University Park today
The police department averages less than 2 minutes response times. The school system (HPISD shared with Highland Park) is exceptional. In terms of college prep (SAT, AP, scholarships) the high school ranked 6th in the nation by Wallstreet Journal in 1999, 12th by Newsweek in 2005. The school also excels in athletics and was rated 42nd in the nation by ESPN in 2005.
In 2000, Robb Report rated the Park Cities (University Park and Highland Park) the 8th best affluent community in the nation where livability and community were considered along with luxury and affluence (article's page 1 page 2 page 3 page 4)
University Park town history
When SMU officially opened in 1915, University Park was a community of scattered houses mostly for faculty and staff. The University Park name came from being next door neighbor to Highland Park and how the community was nearly an extension of SMU with water and sewer supplied by the university.
By 1924, University Park had grown to more than 380 houses and was overburdening SMU's infrastructure. University Park tried to merge with Dallas but was turned down because Dallas at that time was having its own problems keeping up with growth. Spurned, University Park petitioned the County Court to incorporate as a town to develop its own city services.
The next two decades saw tremendous growths for the new town. By 1945, University Park had more than 9,000 houses and was in turn wooed by Dallas to annex. When University Park residents voted down the merger (by a narrow margin), Dallas used its home rule powers to annex the territories around University Park to cap the town's size at 2,350 acres or 3.7 square miles where it remains.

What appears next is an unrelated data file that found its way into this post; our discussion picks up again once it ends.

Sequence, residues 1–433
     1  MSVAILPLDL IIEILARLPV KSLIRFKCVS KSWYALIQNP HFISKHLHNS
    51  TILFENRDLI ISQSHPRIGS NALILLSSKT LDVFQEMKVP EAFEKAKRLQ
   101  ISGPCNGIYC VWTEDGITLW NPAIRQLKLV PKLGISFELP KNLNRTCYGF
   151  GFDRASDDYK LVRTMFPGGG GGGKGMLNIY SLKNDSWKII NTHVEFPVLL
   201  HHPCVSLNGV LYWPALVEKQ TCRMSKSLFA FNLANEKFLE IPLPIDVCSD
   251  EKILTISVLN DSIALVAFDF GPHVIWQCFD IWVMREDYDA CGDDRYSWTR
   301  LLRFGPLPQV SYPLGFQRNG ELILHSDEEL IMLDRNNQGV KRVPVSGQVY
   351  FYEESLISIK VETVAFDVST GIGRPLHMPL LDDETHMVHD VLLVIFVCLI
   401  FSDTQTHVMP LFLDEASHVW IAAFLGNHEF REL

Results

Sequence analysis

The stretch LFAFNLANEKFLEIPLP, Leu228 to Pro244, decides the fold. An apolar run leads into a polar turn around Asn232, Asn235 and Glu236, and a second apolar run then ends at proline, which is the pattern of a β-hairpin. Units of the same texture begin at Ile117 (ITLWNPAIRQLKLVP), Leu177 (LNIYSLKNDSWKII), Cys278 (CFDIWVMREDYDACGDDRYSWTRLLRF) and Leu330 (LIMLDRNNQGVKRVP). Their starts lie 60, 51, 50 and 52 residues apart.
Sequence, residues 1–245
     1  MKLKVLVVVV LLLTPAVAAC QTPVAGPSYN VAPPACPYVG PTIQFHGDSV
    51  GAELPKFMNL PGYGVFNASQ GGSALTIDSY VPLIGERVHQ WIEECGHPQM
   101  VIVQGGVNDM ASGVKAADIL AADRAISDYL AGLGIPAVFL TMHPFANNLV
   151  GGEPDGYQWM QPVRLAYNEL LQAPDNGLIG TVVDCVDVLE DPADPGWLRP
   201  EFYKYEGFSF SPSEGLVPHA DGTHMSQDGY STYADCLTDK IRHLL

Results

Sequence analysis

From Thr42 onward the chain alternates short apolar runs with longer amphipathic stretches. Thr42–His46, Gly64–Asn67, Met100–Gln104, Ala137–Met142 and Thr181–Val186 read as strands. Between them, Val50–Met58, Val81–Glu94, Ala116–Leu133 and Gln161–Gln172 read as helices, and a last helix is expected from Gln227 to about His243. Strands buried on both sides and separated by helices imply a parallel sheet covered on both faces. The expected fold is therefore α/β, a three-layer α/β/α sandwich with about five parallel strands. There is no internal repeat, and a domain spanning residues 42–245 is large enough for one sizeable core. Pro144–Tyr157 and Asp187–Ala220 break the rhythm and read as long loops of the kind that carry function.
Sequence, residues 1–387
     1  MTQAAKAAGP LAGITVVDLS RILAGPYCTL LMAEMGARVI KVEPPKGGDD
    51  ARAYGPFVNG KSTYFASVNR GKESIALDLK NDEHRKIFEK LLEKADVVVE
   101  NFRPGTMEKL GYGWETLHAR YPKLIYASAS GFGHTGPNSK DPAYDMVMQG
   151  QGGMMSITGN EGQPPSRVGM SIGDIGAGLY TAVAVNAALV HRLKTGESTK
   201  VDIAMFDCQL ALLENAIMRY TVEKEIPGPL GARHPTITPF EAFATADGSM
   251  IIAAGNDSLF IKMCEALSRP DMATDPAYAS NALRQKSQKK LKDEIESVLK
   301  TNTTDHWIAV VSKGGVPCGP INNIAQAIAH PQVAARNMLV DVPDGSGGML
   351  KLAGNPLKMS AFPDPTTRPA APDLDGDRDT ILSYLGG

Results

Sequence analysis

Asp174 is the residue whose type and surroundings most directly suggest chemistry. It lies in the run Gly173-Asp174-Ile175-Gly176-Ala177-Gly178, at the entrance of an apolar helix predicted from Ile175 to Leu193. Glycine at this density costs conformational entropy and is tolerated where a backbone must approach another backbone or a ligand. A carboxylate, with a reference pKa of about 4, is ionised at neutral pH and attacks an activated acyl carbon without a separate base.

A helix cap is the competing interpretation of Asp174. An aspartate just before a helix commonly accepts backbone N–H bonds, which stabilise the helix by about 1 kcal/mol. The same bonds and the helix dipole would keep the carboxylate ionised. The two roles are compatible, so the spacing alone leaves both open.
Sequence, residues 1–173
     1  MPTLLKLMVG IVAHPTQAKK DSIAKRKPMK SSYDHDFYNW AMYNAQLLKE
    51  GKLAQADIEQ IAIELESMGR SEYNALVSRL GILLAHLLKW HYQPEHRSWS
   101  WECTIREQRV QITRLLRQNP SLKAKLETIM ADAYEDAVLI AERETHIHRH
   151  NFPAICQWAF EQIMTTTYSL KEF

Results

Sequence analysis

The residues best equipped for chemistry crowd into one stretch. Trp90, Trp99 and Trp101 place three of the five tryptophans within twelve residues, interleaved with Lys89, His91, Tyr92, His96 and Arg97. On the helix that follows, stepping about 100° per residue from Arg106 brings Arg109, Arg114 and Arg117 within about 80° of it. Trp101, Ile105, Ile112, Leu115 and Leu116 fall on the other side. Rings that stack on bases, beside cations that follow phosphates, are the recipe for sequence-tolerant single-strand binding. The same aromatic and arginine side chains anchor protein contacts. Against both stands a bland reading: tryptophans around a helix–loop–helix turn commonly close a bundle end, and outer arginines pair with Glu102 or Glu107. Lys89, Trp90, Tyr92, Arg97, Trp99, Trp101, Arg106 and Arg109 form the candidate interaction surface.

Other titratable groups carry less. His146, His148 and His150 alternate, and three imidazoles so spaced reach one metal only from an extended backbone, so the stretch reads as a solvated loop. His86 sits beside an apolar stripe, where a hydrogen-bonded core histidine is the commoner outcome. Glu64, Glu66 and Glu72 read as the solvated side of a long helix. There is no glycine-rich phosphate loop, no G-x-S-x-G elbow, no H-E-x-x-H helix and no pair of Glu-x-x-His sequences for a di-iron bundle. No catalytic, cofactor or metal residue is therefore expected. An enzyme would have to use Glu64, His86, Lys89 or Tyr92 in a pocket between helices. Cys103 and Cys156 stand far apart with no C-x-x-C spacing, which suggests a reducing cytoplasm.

By 1955, there were few empty lots, and by 1969, the population had maxed out at 23,000. Not able to expand helped University Park to improve on quality instead of quantity.
By and by, the schools, the city services, the community spirits kept improving for University Park to become one of the best places to live. Through the years, University Park steadily increased its stature as an icon of Dallas area real estate thanks to a central location, strong community, and ample city budget (from higher home values).
Since the 1960's, University Park home prices appreciated well above norm due to being in static supply against growing demand. With the Metroplex population reaching 5.7 millions in 2000 and growing (versus University Park's 23,000 since 1969), University Park housing will be even more in scarce supply to be a good if not great investment.